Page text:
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CW28 gets your prepared for Hurricane Season with Safety Tips from FEMA.
To prepare for a hurricane, you should take the following measures:
Make plans to secure your property:
If a hurricane is likely in your area, you should:
You should evacuate under the following conditions:
If you are unable to evacuate, go to your wind-safe room. If you do not have one, follow these guidelines:
If you are under a tornado warning, seek shelter immediately! Most injuries associated with high winds are from flying debris, so remember to protect your head.
If you are in a structure (e.g. residence, small building, school, nursing home, hospital, factory, shopping center, high-rise building), then:
If you are in a trailer or mobile home, then:
Get out immediately and go to the lowest floor of a sturdy, nearby building or a storm shelter. Mobile homes, even if tied down, offer little protection from tornadoes.
If you are outside with no shelter, then:
Injury may result from the direct impact of a tornado or it may occur afterward when people walk among debris and enter damaged buildings. A study of injuries after a tornado in Marion, Illinois, showed that 50 percent of the tornado-related injuries were suffered during rescue attempts, cleanup and other post-tornado activities. Nearly a third of the injuries resulted from stepping on nails. Because tornadoes often damage power lines, gas lines or electrical systems, there is a risk of fire, electrocution or an explosion. Protecting yourself and your family requires promptly treating any injuries suffered during the storm and using extreme care to avoid further hazards.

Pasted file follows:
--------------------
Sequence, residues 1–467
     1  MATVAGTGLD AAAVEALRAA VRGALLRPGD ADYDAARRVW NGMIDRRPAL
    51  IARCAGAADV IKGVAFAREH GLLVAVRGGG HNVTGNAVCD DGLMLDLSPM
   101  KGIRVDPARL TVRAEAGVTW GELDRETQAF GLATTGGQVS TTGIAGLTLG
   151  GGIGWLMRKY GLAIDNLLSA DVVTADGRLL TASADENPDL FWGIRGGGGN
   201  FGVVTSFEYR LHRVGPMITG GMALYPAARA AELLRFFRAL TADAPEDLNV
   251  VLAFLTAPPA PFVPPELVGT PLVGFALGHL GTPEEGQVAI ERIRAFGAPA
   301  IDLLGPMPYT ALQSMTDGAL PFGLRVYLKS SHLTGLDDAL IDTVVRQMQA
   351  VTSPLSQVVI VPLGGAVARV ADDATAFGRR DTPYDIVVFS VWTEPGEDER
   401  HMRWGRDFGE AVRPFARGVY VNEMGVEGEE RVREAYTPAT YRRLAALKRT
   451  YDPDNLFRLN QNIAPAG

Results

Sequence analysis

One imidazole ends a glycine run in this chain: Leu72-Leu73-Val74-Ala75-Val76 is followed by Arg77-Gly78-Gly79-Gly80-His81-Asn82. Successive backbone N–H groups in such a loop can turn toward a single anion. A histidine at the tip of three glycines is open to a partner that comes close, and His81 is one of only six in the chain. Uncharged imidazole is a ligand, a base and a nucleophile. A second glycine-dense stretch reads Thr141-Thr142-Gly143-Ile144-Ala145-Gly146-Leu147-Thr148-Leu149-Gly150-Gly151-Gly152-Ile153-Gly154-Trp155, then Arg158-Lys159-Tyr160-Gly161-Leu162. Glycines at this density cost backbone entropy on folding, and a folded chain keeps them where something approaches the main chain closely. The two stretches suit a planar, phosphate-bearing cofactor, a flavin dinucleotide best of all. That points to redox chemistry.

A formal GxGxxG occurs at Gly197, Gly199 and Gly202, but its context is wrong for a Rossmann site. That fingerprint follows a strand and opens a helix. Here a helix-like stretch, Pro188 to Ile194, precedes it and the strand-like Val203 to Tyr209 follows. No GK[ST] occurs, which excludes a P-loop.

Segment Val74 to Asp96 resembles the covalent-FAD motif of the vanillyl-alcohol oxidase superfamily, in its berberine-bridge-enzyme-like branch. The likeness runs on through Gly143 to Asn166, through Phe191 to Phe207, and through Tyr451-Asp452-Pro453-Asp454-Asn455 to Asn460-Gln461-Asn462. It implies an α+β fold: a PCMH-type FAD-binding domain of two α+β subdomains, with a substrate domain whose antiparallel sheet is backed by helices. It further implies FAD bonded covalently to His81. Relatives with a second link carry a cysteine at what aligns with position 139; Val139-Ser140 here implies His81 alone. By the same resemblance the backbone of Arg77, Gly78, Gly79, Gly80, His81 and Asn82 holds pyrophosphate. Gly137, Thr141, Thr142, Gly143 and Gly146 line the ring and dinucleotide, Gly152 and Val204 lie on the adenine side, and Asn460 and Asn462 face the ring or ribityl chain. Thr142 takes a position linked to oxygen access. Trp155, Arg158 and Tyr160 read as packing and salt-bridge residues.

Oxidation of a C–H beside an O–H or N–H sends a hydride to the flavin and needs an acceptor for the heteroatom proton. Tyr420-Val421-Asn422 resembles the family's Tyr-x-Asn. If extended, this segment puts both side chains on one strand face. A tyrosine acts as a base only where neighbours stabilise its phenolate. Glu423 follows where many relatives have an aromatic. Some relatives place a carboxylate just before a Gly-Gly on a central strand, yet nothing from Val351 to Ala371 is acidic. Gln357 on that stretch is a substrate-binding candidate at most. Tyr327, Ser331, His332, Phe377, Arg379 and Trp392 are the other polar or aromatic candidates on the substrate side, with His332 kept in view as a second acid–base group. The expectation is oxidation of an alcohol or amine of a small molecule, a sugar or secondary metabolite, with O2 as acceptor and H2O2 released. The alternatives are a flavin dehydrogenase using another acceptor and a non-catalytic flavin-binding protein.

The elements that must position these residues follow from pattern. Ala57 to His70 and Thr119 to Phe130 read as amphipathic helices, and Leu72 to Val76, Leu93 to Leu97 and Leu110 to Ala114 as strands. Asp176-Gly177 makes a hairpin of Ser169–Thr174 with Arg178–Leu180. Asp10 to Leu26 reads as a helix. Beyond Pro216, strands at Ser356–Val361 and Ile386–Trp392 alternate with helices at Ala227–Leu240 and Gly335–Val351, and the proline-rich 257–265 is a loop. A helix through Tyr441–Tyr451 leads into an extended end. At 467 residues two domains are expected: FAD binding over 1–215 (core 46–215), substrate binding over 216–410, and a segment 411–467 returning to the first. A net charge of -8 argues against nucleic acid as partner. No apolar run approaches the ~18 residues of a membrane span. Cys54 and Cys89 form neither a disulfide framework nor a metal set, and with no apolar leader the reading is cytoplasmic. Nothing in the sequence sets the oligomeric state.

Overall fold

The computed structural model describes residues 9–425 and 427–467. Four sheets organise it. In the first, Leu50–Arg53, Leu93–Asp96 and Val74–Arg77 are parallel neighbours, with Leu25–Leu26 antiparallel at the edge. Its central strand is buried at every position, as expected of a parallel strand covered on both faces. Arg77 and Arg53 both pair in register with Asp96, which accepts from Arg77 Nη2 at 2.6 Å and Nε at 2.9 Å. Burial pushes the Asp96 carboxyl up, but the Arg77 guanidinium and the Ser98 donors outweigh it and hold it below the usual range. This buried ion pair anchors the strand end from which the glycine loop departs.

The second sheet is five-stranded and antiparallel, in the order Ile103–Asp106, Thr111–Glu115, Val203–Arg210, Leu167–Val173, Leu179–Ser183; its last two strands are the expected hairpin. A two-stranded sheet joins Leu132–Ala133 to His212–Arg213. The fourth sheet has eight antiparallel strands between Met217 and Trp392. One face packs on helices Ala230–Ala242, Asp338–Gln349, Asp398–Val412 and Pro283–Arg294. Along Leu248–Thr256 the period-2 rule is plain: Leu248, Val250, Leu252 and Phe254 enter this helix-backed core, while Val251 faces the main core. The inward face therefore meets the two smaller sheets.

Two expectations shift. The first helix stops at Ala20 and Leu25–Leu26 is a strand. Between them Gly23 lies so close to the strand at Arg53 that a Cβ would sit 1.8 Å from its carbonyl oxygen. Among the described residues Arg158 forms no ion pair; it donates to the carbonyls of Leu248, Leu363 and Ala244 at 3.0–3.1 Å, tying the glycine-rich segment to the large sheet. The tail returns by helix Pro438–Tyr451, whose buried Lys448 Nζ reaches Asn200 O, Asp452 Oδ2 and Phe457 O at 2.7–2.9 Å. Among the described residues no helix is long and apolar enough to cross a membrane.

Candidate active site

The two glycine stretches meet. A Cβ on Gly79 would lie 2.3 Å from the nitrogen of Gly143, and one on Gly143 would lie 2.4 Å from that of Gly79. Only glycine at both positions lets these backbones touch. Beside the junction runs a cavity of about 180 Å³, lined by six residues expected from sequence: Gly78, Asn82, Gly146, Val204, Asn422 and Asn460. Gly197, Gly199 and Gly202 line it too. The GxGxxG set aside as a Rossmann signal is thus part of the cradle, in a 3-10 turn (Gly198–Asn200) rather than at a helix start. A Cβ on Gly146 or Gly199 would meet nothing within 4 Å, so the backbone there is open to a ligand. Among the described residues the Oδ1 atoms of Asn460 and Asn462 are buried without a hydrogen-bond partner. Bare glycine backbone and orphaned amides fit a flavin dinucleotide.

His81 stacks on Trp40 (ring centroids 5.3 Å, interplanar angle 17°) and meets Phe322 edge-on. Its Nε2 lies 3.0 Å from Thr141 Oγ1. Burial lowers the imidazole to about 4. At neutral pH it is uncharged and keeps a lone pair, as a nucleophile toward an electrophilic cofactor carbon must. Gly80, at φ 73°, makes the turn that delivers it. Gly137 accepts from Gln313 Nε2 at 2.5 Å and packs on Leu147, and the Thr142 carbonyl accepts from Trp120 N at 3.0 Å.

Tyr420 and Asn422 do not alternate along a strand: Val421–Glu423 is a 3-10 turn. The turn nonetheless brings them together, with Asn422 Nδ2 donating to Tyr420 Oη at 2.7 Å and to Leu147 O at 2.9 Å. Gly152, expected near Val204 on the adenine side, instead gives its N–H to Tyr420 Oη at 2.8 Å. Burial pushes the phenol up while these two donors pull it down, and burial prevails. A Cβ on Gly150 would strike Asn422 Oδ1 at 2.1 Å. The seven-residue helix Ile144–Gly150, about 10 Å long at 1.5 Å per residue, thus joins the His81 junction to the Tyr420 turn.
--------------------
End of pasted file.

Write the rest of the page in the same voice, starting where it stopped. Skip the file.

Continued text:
Check for injuries. Do not attempt to move seriously injured people unless they are in immediate danger of further injury. Get medical assistance immediately. If someone has stopped breathing, begin CPR if you are trained to do so. Stop a bleeding injury by applying direct pressure to the wound. Have any puncture wound evaluated by a physician. If you are trapped, try to attract attention to your location.
Here are some safety precautions that could help you avoid injury after a tornado:
After a tornado, be aware of possible structural, electrical or gas-leak hazards in your home. Contact your local city or county building inspectors for information on structural safety codes and standards. They may also offer suggestions on finding a qualified contractor to do work for you.